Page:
I often wonder if other readers are as volatile as me when it comes to reading habits. Are you a multi-task reader, the type who likes to read more than one book at a time or a single task reader, preferring to read one book at a time? Are you adventurous, the type that likes to read everything, or do you stick to the same genre?
According to a Booklikes post, readers fall under the following categories:
- The monogamist: the single-book reader
- The polygamist: loves reading many books at a time
- The extrovert: likes to read multiple genres
- The introvert: sticks to one genre
- The altruist: reads and recommends books to friends and family
- The neurotic: switches between books and often doesn’t finish them
Over the years, my reading routine and preferences have varied. Until about a decade ago I was strictly a monogamist reader. The local public library was my go-to place for books by my favorite authors. I would take out three books and read one at a time. I was also an introvert because I generally stuck to the same genres: contemporary and historical romance.
Then came e-readers and e-books, and the convenience of not having to go to the library to pick up and return my books. I could borrow them with just a click of the mouse and store them on my reader. And it didn’t cost anything.
Sure, there’s nothing like the feel of a printed book in your hands. Isn’t that what most readers say? But when you’re working a 9 to 5 job and commuting an extra three hours, e-books and audio books save you a lot of time, especially when the library isn’t along your habitual route. Not to mention that a standard size e-reader weighs less than a hardcover book and occupies less space in your tote bag. I’d still occasionally buy a paperback to read on the weekends, something I could snuggle up with on the couch and enjoy some ‘me’ time.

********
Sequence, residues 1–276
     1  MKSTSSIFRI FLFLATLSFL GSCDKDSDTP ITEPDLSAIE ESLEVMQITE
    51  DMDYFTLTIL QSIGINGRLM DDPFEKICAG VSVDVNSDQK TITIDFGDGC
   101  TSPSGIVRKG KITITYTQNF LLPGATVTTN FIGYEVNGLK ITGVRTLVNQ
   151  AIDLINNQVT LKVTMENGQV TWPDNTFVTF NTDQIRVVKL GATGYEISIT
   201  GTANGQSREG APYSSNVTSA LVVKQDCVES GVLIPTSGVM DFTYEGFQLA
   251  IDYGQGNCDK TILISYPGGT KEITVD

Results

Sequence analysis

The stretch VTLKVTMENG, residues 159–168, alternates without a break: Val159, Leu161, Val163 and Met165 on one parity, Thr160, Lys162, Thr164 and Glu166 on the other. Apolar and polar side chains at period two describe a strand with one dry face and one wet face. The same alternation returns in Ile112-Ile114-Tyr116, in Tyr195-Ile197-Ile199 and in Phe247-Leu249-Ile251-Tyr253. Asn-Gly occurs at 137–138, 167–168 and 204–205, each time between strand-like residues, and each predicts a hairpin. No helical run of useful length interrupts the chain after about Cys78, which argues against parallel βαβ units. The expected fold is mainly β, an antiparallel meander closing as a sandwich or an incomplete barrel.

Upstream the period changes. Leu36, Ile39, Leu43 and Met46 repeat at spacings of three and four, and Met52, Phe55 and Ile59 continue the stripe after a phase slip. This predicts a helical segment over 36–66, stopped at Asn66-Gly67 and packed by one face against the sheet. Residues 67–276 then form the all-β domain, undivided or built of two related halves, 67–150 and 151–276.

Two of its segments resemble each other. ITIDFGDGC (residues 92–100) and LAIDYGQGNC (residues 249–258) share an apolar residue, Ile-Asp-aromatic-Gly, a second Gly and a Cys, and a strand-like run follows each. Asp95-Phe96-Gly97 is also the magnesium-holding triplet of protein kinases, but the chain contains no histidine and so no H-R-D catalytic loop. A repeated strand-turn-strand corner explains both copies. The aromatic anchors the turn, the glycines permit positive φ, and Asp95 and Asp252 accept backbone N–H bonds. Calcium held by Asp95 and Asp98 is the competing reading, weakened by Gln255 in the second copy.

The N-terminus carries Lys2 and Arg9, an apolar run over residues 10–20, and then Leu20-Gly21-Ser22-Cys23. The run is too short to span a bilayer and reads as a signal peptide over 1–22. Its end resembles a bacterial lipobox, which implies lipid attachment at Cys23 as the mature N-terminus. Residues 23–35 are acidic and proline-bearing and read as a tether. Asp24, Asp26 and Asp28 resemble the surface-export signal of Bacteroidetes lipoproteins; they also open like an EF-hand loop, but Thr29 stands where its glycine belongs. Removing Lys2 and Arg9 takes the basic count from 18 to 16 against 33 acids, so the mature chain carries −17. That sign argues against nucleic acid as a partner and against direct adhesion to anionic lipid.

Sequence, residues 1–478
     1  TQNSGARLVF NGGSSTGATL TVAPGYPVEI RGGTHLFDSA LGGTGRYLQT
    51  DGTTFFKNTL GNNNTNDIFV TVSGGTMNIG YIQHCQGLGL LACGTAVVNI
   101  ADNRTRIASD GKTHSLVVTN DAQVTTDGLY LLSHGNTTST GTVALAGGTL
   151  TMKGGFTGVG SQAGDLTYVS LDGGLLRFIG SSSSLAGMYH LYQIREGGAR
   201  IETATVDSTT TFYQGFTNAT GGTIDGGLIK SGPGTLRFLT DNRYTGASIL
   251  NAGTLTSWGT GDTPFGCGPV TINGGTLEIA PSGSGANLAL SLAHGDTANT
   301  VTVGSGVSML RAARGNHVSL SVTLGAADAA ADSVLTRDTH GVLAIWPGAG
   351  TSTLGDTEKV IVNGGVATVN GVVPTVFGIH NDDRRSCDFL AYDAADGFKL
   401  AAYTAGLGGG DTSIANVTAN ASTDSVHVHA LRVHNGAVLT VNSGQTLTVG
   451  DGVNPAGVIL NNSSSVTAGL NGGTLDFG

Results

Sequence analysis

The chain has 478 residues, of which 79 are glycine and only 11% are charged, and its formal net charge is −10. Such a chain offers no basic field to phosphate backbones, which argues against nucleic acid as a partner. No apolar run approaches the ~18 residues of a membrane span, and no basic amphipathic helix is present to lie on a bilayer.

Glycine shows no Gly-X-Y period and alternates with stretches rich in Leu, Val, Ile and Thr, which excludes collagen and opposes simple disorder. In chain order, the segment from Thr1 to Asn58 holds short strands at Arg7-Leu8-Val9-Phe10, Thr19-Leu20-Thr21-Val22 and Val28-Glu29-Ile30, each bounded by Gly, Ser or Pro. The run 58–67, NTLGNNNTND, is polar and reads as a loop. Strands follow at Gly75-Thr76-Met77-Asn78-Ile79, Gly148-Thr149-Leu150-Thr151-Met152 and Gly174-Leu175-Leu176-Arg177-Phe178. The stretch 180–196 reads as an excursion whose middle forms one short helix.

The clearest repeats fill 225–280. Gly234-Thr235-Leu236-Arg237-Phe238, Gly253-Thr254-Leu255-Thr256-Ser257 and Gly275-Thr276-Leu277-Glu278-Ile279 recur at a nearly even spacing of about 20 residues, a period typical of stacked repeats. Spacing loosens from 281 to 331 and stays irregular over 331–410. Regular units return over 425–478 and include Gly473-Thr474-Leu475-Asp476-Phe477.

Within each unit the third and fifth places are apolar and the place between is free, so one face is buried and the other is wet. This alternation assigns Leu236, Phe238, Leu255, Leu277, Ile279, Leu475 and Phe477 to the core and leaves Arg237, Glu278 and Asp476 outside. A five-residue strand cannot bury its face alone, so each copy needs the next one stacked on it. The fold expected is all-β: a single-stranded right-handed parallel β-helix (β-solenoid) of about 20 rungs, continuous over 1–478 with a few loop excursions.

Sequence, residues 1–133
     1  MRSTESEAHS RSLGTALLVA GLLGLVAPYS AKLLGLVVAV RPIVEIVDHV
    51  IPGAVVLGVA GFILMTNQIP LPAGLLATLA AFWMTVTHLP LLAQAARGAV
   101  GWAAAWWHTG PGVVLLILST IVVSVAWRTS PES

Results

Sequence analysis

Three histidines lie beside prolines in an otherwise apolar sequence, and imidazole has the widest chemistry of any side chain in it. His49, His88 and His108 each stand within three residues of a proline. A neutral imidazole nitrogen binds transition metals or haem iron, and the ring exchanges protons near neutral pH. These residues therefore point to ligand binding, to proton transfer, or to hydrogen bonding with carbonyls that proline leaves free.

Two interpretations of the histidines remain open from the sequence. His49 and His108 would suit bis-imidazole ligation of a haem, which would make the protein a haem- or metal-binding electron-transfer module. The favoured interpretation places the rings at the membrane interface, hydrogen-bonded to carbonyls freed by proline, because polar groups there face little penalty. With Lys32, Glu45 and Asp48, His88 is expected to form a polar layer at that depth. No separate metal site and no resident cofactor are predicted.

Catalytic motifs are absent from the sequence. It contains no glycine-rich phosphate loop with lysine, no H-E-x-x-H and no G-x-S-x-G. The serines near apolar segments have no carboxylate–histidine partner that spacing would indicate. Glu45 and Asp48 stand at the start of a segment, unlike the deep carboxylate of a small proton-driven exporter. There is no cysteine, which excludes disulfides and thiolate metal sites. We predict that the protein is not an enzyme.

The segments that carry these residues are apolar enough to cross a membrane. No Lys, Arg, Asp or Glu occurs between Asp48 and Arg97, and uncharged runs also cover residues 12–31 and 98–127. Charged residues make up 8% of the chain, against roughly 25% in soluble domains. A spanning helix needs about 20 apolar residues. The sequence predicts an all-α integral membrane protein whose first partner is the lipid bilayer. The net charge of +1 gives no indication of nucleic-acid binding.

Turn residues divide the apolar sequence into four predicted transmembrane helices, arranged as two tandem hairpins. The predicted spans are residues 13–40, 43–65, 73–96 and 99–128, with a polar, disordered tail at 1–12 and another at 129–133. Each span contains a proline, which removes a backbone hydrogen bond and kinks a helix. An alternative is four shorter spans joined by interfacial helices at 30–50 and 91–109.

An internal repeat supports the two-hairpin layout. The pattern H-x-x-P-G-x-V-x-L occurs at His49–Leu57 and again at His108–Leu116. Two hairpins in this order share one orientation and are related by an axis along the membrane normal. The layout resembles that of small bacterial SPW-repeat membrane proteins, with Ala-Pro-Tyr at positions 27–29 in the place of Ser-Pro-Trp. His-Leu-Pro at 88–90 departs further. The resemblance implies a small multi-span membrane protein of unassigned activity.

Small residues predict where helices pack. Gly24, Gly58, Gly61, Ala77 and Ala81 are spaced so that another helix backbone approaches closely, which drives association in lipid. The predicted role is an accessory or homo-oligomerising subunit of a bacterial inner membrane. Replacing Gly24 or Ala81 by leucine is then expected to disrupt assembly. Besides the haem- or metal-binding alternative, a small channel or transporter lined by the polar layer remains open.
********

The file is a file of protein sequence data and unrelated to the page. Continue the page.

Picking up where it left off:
Since retiring from my job and self-publishing my book, I’ve expanded my reading list, juggling multiple books at a time in different formats. I’m also less of an introverted reader. Supporting other indie authors by reading and reviewing their books has allowed me to step out of my comfort zone and explore other genres, like historical fantasy, religious fiction and YA. I was surprised to find them just as entertaining and inspiring as anything I’d read before. It was a refreshing discovery; one I credit for making me more discerning in my selection of books to read. Without realizing it, I was growing tired of the same old tropes, and frankly, of romance series. Sadly, a lot of modern romance series lack originality. One blends into another, making them forgettable (but that’s a subject for another day).
Generally, I have a printed book on hand, just because I refuse to convert entirely to digital. Those will be top picks, books I save for my quiet time, savoring them like one would savor a favorite series on Netflix or a preferred ice cream flavor. At the same time, I can’t go without an audiobook to listen to while doing boring house chores. Those I still borrow from the public library since they are so expensive. While some people watch television while folding laundry or ironing, I listen to audiobooks and lose myself in exotic settings and in the minds of the characters. I admit I sometimes get a little distracted and have to rewind, but that usually happens when a book fails to keep me fully engaged. Finally, I reserve the bedtime slot for my Kindle reader where I usually store the books I plan to review for fellow indie authors.
That’s right, three books, all at the same time. I’m officially a blend of a polygamist and an extrovert, edging on neurotic – although a book would have to be really horrible for me to abandon it.
And did I mention that I’m also a bit of an altruist because I like to recommend books to friends and family? One of the best compliments I have ever received was from my eight-year-old (now eleven) grandson, when I gave him a selection of books for his birthday: “Nonna, you sure know how to pick books.”
So, what type of reader are you?
My grandson posing with his favorite author Dav Pilkey, creator of the Dog Man Series. He has since then transitioned to more intellectually stimulating books.